If the analytics revolution is about putting players in the best position to succeed, then man, did the Red Sox fail Jackie Bradley Jr.
Of all the moves Chaim Bloom has made since arriving as chief baseball officer in 2019, the Bradley trade may be the worst. From the moment the Red Sox reacquired the veteran outfielder for Hunter Renfroe last winter, they asked too much of him, and now he's taking the fall for an imperfect roster.
The Boston Globe broke the news that Bradley was designated for assignment Thursday, and based on his numbers, it's hard to argue. Bradley is hitting .210 with a .578 OPS, which places him 193rd out of 199 players with at least 275 plate appearances.
But take a step back, and it's clear that the Red Sox put Bradley in an untenable position. After signing a two-year, $24 million contract and then posting career-worst numbers with the Brewers, Bradley returned to Boston (A) to help acquire two prospects in exchange for Milwaukee dumping his salary, and (B) to serve as a fourth outfielder/defensive replacement.
No one expected him to be a full-time player, and yet he opened the season as the starting right fielder then basically stayed there until this week's acquisition of Tommy Pham made him belatedly expendable.
Part of his extended playing time was born of necessity after Kiké Hernández suffered a serious hip injury in early June, but it mostly reflected an appalling lack of planning. Bradley currently ranks fourth on the Red Sox in games played, right behind Bobby Dalbec, which explains a lot.
Trading Renfroe only made sense for 2022 if the Red Sox added a right-handed-hitting outfielder to start in right field and replace his considerable production (.251-31-96 last year), with Bradley available vs. right-handed pitching and as one of the game's premier defensive replacements.
Not only did they fail to address that obvious need in March when the offseason resumed after the lockout, they ignored it until August, when they finally acquired Pham from the Reds.
In the meantime, they summoned Jarren Duran from Triple-A Worcester and made him their starting center fielder, even though he has trouble tracking fly balls in twilight. Once again, they failed to maximize Bradley's skills, leaving him in right alongside the overmatched Duran. An outfield alignment of Duran in left, Bradley in center, and Alex Verdugo in right would've better served them than watching Duran treat inside-the-park grand slams with indifference.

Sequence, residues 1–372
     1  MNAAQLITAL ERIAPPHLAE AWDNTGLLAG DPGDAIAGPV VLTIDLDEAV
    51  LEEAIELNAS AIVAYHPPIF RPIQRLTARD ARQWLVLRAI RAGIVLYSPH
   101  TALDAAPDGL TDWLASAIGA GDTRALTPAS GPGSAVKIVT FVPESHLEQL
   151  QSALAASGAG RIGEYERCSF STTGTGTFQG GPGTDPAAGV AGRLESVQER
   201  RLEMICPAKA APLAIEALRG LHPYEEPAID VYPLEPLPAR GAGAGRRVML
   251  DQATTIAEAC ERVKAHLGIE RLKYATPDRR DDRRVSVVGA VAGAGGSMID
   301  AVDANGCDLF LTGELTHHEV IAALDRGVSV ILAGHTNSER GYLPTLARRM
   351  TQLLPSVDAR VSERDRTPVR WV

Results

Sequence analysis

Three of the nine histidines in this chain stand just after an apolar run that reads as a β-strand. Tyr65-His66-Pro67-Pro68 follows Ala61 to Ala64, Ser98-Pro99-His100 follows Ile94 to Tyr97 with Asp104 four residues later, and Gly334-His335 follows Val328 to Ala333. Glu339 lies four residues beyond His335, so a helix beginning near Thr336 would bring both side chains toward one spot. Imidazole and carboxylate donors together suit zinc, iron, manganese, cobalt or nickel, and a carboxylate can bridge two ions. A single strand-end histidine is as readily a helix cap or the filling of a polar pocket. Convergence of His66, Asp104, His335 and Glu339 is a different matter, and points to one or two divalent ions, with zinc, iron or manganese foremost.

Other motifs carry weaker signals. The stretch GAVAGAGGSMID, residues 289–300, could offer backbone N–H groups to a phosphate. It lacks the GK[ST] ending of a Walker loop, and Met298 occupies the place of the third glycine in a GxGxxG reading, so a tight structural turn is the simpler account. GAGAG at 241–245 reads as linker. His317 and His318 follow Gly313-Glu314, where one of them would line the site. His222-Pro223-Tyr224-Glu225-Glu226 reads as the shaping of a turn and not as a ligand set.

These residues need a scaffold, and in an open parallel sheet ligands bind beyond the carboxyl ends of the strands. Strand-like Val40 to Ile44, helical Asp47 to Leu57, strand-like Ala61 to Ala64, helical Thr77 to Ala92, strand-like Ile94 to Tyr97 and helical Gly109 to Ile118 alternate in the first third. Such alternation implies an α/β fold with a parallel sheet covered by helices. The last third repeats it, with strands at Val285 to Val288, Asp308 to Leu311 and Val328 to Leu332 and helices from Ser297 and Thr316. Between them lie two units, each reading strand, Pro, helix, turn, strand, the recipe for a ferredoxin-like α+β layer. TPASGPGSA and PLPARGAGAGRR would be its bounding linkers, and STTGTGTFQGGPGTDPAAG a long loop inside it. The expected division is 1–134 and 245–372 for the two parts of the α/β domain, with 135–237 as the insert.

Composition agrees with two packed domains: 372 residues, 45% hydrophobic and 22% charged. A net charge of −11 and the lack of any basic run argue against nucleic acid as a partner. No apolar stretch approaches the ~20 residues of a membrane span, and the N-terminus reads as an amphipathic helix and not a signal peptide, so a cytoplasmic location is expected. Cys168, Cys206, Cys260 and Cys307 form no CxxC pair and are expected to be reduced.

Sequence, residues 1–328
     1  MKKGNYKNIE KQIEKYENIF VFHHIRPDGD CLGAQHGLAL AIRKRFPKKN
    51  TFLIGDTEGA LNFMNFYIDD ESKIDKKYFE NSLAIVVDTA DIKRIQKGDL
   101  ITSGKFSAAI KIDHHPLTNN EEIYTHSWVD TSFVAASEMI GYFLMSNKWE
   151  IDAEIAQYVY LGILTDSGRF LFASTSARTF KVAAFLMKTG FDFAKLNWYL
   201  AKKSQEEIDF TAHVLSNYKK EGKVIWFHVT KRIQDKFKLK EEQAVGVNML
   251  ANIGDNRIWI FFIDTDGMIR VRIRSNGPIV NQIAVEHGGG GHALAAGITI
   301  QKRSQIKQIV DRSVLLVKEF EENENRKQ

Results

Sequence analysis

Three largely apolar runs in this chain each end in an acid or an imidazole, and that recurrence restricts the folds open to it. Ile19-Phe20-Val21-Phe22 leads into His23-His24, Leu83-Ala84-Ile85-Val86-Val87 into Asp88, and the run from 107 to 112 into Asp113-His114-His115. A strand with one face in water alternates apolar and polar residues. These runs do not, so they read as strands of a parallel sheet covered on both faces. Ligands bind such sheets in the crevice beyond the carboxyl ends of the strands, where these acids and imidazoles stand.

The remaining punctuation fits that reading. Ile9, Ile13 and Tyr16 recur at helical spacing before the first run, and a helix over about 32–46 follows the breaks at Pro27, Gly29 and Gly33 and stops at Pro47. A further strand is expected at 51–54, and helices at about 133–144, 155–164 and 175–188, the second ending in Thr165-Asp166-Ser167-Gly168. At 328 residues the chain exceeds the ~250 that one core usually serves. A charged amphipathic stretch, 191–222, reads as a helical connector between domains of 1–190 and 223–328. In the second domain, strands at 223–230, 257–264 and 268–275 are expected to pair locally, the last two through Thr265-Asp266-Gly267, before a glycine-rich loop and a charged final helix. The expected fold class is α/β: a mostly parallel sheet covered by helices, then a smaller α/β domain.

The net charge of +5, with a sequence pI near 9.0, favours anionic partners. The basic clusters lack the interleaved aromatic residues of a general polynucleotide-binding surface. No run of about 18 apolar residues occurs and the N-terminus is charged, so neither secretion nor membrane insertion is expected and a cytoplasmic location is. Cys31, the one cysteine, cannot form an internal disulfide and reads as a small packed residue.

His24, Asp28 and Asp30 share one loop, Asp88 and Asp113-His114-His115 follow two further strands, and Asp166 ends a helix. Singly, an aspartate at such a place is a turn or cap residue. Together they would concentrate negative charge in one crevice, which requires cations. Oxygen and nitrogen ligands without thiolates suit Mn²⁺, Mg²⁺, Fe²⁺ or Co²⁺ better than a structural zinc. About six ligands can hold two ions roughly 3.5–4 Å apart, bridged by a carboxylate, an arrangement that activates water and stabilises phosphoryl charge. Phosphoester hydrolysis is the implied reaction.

Only when Pham arrived did they finally move Verdugo to right. They're now committed to Duran, who, in case anyone hasn't noticed, is batting just .135 with 31 strikeouts in his last 20 games. Given his defensive limitations, it's hard to argue he's an upgrade over Bradley at this moment.
Either way, the Renfroe trade looks atrocious today. While selling high on the slugger made some sense, the swap considerably weakened the offense because Bloom never made a complementary move. Despite missing 30 games with calf and hamstring injuries, Renfroe still has 19 homers and an .806 OPS with the Brewers. He homered twice in his return to Boston last weekend.
The prospects the Red Sox received, who were really the key to the deal, look uninspiring. Speedy utilityman David Hamilton has stolen 50 bases in 54 chances at Double-A Portland, but he's only hitting .231 and did not even make Baseball America's list of the organization's top 30 prospects.
Meanwhile, the more highly-touted Alex Binelas continues to flash raw power with 22 homers, but he's hitting just .139 in 27 games since joining Double-A Portland. The third baseman who profiles as more of a first baseman or DH checks in at No. 22 on BA's list.
The future of the Renfroe trade now rests entirely in their hands, because Bradley is gone. He could've been a good fit for the roster, which now has nowhere to turn for late-innings defense. But instead the Red Sox asked him to be something he simply is not, and now he's paying the price.